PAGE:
Wiggins and Giro d’Italia illness: Should I stay or should I go?
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Thursday, May 16, 2013

Wiggins and Giro d’Italia illness: Should I stay or should I go?

by VeloNation Press at 4:17 PM EST   comments
Categories: Pro Cycling, Giro d'Italia, Injury
 
Briton and his team debating ongoing presence in race as health worsens

Bradley WigginsHe started the race believing that he was in the shape necessary to tilt at the first Giro d’Italia-Tour de France double since Marco Pantani in 1998 but any thoughts of achieving that goal finally evaporated today for Bradley Wiggins.

Already behind two minutes and five seconds due to weaknesses shown uphill and downhill in this years’s race, the Briton surrendered a further three minutes 17 seconds today and with it, any hope of turning around the situation and getting back in the hunt for the Maglia Rosa.

Rumoured for days to have been ill, yesterday’s admission that he had a chest infection was followed by confirmation today from his team that his condition had been further eroded. That was however already clear from how the stage progressed.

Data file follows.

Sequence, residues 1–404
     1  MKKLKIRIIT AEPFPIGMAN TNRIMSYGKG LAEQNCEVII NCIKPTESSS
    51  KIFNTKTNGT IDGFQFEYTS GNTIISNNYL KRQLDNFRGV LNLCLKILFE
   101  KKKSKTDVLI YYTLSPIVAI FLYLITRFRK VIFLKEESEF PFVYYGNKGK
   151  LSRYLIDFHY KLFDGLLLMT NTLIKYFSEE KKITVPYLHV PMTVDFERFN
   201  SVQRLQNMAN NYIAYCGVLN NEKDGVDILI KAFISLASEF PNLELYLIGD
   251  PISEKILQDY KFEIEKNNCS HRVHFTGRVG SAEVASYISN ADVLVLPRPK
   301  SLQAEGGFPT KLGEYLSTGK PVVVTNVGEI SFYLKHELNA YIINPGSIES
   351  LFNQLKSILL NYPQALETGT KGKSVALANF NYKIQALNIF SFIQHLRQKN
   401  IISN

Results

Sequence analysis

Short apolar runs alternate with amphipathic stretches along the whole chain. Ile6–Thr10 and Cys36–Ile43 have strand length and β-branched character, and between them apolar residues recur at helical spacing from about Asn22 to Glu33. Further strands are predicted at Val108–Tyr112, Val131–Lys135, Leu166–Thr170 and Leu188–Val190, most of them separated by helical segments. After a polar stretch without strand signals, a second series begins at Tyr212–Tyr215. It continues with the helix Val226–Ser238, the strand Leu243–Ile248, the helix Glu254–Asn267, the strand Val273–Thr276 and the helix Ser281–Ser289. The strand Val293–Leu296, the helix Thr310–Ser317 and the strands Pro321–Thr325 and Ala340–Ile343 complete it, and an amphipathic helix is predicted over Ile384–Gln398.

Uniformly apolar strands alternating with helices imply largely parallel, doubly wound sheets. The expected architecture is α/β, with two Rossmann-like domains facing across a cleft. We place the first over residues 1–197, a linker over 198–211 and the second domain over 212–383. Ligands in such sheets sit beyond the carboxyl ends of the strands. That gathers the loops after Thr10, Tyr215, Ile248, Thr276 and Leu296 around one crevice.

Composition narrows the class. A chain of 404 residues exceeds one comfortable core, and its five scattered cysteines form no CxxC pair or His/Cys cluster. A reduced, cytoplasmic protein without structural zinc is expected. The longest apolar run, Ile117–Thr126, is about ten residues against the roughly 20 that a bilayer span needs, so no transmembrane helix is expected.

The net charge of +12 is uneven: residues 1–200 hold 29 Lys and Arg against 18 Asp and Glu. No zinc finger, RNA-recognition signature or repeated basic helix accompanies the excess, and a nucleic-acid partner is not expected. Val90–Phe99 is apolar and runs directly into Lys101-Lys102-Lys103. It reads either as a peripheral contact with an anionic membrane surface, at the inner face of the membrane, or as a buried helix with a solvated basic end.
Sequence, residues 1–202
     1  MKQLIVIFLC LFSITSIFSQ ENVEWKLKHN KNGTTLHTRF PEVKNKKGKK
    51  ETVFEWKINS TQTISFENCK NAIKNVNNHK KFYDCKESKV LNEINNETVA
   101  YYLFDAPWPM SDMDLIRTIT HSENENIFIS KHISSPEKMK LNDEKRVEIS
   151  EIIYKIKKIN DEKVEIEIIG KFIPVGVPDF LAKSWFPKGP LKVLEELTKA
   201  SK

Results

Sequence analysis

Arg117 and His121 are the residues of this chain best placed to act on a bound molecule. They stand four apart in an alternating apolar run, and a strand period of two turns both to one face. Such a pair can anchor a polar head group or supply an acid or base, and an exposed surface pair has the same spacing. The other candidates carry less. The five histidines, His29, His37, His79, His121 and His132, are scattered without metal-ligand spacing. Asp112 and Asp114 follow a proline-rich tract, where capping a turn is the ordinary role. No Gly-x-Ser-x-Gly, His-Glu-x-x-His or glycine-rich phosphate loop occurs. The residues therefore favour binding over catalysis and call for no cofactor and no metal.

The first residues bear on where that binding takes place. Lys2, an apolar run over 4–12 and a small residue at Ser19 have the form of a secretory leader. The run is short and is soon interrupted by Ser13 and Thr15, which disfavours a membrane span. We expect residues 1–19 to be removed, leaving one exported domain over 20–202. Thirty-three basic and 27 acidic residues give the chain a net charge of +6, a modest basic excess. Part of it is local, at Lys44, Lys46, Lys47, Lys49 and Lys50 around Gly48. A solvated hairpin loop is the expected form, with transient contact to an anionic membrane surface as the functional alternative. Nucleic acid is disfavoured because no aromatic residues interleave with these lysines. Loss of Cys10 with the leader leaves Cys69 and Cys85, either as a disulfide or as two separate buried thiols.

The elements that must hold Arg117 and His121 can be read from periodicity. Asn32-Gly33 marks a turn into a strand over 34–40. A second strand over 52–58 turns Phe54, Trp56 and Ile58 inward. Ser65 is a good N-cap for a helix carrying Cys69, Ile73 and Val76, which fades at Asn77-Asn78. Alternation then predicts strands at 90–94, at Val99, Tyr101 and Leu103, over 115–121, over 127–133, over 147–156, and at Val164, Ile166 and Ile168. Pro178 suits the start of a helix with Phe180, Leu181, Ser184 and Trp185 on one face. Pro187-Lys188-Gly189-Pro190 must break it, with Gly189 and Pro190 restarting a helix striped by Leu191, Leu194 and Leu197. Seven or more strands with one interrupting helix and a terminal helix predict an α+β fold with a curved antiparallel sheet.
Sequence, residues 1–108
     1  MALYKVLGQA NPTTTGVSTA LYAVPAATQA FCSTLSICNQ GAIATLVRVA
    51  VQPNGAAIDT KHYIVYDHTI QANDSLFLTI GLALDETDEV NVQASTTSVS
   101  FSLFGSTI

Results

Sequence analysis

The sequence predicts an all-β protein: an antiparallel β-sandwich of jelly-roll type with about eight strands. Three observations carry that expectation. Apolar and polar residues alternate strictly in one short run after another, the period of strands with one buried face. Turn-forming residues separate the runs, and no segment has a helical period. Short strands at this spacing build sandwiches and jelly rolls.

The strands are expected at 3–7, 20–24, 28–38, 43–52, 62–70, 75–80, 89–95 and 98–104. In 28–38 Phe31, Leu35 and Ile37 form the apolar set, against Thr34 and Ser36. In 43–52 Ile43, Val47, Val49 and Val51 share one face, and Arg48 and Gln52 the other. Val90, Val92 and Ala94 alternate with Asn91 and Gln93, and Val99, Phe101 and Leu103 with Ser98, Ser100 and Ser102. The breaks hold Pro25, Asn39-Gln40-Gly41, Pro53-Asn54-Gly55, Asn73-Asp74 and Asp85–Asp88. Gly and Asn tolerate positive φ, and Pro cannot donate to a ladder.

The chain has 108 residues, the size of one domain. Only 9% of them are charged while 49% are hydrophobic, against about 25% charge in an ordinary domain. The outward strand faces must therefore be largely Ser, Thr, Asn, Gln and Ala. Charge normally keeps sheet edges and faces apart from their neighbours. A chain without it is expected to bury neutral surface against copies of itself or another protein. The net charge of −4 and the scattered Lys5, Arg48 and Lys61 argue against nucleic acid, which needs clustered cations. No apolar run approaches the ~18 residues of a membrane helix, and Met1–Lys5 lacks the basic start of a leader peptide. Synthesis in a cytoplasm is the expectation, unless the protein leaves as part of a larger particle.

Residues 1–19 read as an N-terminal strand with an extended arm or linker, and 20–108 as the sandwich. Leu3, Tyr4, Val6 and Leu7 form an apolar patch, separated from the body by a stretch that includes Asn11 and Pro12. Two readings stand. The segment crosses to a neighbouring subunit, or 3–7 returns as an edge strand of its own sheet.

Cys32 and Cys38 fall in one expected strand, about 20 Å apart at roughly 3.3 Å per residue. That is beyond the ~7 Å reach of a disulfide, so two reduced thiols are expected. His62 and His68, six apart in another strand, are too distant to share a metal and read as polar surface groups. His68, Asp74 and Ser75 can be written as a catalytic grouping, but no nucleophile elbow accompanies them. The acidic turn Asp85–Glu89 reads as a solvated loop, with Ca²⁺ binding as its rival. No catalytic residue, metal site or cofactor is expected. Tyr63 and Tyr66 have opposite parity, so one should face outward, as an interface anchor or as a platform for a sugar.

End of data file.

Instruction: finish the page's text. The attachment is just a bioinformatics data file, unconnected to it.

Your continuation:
“Brad developed a head cold and a chest infection and has been on antibiotics,” team principal Dave Brailsford said after a rain-lashed stage to Trevisio. “His illness has got progressively worse and we knew ahead of the race this morning it was going to be tough for him to get through the stage.

“When you see a rider of Bradley Wiggins’ calibre struggling to hold the wheel in front of him on the flat you know that he’s ill. When you’re ill you’re ill and all you can do is your best to try and manage that illness. I think he showed great courage to battle through the stage to the finish.”

Wiggins lost contact on the descent of the final climb with just over 40 kilometres to go and struggled in to the finish, conceding three minutes and 17 seconds to stage winner Mark Cavendish (Omega Pharma Quick Step) plus the GC contenders.

The time loss saw last year’s Tour de France winner slip from fourth to thirteenth overall. He’s now five minutes and 22 seconds behind race leader Vincenzo Nibali (Astana) and is now battling simply to stay in the race rather than to win it.

Brailsford warned that his ongoing participation is not assured. “We’ll get back to the hotel and the team doctor will assess him overnight,” he said. “Then we’ll take a decision about whether Brad continues, health-permitting, in the morning. It’s a testament to Brad that he has said he wants to continue in the race and carry on to Brescia with the team.”

With Wiggins under pressure, the team has given its full backing to Rigoberto Uran for the overall standings. The Colombian remains third overall, and is within striking distance of Nibali, two minutes and four seconds back.

The team will now shift its emphasis towards closing that gap, with Wiggins to play a super-domestique role if he is indeed able to continue. That’s far from certain, though, with the likelihood appearing that he will withdraw and try to get back to peak condition for the Tour de France.

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